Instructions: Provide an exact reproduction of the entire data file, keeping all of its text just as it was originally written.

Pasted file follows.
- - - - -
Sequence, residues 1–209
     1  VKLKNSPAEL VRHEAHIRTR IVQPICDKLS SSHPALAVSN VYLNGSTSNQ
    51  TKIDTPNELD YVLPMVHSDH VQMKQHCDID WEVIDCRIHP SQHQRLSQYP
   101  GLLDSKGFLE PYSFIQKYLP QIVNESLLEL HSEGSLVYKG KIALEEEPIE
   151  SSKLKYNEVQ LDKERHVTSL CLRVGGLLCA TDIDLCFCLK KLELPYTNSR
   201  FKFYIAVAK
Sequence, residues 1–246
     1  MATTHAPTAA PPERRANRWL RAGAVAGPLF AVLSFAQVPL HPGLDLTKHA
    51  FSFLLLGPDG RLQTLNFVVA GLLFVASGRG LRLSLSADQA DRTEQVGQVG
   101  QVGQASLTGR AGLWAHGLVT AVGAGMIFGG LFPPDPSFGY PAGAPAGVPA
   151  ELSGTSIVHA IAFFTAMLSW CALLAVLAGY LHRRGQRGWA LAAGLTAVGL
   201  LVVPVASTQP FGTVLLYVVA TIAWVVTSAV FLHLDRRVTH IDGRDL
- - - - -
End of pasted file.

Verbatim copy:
Sequence, residues 1–209
     1  VKLKNSPAEL VRHEAHIRTR IVQPICDKLS SSHPALAVSN VYLNGSTSNQ
    51  TKIDTPNELD YVLPMVHSDH VQMKQHCDID WEVIDCRIHP SQHQRLSQYP
   101  GLLDSKGFLE PYSFIQKYLP QIVNESLLEL HSEGSLVYKG KIALEEEPIE
   151  SSKLKYNEVQ LDKERHVTSL CLRVGGLLCA TDIDLCFCLK KLELPYTNSR
   201  FKFYIAVAK
Sequence, residues 1–246
     1  MATTHAPTAA PPERRANRWL RAGAVAGPLF AVLSFAQVPL HPGLDLTKHA
    51  FSFLLLGPDG RLQTLNFVVA GLLFVASGRG LRLSLSADQA DRTEQVGQVG
   101  QVGQASLTGR AGLWAHGLVT AVGAGMIFGG LFPPDPSFGY PAGAPAGVPA
   151  ELSGTSIVHA IAFFTAMLSW CALLAVLAGY LHRRGQRGWA LAAGLTAVGL
   201  LVVPVASTQP FGTVLLYVVA TIAWVVTSAV FLHLDRRVTH IDGRDL